Here’s how much money doctors make across the US, from brain surgeons to oncologists

Doctor pay varies a lot depending on what area a doctor specializes in and other factors, two new reports find.

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Doctor pay varies a lot depending on what area a doctor specializes in and other factors, two new reports find.
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Joe Raedle/Getty Images

  • Doctors have some of the highest salaries in the US.
  • An in-depth study from Doximity, a social-networking service for doctors, found that pay can vary a lot, depending on things like whether a physician treats kids, specializes in bladder diseases, or performs surgery.
  • Gender and racial pay gaps are also very real in medicine, the Doximity study and another new report from Medscape show.
  • Read on to find out how much each area of medicine makes on average, and where the wage gap between male and female doctors is most and least pronounced.

Healthcare is important, and doctor pay reflects that. Physicians have some of the highest salaries in the US.

Now we have details about just how much they make, thanks to an in-depth report from Doximity, a social-networking service for doctors.

Wages range a lot depending on what kind of medicine a doctor practices, with some specialties paying as much as $500,000 or $600,000 a year on average.

You might not be surprised to find that many of those top-paid doctors are surgeons, with brain surgeons topping the list. Some of the lowest-paid physicians treat kids, families, and older people.

Doctor salaries usually go up each year, but this year was the first since at least 2016 that they started to level out, the report found. Doximity tied this to big-picture changes in how people get healthcare in the US, with fewer doctors owning their own practices and more hospitals buying each other up and getting even larger.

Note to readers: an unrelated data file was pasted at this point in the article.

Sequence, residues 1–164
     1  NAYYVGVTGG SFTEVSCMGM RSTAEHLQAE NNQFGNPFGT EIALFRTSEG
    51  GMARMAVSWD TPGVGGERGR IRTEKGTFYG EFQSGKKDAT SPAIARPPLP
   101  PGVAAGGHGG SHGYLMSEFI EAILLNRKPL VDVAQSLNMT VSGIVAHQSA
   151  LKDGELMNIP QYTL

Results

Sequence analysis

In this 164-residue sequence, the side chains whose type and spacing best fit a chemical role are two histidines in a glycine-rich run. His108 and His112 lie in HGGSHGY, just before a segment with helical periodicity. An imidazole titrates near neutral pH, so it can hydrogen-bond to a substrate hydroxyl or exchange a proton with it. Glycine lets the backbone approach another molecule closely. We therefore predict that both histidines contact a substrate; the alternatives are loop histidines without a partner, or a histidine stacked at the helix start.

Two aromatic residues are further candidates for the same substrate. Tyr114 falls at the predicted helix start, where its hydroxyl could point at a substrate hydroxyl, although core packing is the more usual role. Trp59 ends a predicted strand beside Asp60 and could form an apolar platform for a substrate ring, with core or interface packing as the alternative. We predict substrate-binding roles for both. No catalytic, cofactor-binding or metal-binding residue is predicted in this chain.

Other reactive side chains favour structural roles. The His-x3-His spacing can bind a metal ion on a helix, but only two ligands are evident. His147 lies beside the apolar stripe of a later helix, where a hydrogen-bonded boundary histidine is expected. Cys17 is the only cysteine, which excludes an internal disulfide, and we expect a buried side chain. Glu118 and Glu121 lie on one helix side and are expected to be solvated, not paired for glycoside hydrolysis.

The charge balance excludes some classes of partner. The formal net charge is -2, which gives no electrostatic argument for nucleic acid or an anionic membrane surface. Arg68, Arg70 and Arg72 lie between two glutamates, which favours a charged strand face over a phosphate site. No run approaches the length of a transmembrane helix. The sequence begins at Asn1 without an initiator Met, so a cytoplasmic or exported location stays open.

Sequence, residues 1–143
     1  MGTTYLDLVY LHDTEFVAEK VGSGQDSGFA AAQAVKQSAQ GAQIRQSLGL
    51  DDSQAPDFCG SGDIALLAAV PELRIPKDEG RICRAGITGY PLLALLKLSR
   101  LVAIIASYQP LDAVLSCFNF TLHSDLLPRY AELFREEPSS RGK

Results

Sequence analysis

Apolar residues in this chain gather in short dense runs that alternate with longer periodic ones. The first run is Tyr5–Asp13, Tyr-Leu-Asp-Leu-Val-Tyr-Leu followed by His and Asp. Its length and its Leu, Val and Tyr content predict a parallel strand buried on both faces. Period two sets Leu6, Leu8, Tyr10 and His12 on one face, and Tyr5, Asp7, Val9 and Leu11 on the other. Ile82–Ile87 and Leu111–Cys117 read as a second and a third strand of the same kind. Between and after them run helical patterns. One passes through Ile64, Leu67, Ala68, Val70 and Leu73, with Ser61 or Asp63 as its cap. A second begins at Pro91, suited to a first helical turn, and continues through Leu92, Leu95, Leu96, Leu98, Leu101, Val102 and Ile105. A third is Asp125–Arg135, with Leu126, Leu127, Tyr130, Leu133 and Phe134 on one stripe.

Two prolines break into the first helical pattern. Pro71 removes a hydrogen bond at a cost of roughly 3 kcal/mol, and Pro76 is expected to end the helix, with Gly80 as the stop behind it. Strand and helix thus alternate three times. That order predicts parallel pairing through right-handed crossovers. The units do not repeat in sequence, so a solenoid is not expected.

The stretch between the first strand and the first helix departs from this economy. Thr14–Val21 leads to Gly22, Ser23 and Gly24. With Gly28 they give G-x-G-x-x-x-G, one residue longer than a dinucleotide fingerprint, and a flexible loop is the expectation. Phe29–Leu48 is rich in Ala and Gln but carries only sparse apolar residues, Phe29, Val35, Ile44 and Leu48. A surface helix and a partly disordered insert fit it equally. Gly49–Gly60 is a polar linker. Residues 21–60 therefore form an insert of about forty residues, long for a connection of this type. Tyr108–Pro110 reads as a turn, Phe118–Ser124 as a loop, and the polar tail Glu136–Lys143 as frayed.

Unfortunately, another factor in salary is a doctor’s gender and race. Doximity found that the wage gap between physicians persists but seems to be narrowing. The study also identified the medical specialties where the discrepancy is largest and smallest.

Another report out this year from Medscape, a medical resource for doctors, showed a continuing discrepancy between the salaries of white physicians and physicians of other races.

Read more: The 10 best states to live in where healthcare is the cheapest

Doximity, in San Francisco, got started in 2011 and says more than 70% of US doctors are members. The company said that for the study it surveyed about 90,000 licensed US doctors who practice full time. Medscape, for its part, surveyed almost 20,000 doctors in more than 30 specialties.

Here’s what we’ve learned.


Family doctors and pediatricians tend to make some of the lowest physician salaries in the US.

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Specializing in surgery has a reputation for being a demanding but lucrative profession. That held up in the Doximity report, with other high-paying specialties including dermatology, cardiology, and plastic surgery.

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Shayanne Gal / Business Insider

The gender pay gap is real and persists in medicine too. Some of the specialties where it appears to be smallest include hematology (treating blood diseases), rheumatology (musculoskeletal diseases), and thoracic surgery (operating on chest organs like the heart and lungs).

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Shayanne Gal / Business Insider

Some of the biggest discrepancies between what male and female physicians are paid can be seen in pediatric pulmonology (treating breathing problems like asthma in kids), otolaryngology (head and neck surgery), and urology (treating diseases related to the bladder, kidneys, and more).

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Shayanne Gal / Business Insider

The Medscape survey, out this week, found that white physicians were paid more than physicians of other races, a result that carried over from prior surveys. White doctors are much more represented in well-paying specialties than in areas like primary care, the survey noted. Even so, “the racial pay disparity within specialties is still present,” the study found.

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Shayanne Gal / Business Insider

The Medscape survey also found a sizeable wage difference between male and female physicians. Unlike the Doximity one, it also asked physicians how much time they spent seeing patients each week, versus doing paperwork and administrative tasks. Male doctors reported spending a couple more hours each week seeing patients…

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Shayanne Gal / Business Insider

…but female doctors reported spending slightly more time on paperwork and administrative tasks. Medscape contributor Dr. Greg Hood told the researchers that extra time spent seeing patients could explain such a wage disparity in some medical settings, though it varies depending on where the doctor is employed.

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Shayanne Gal / Business Insider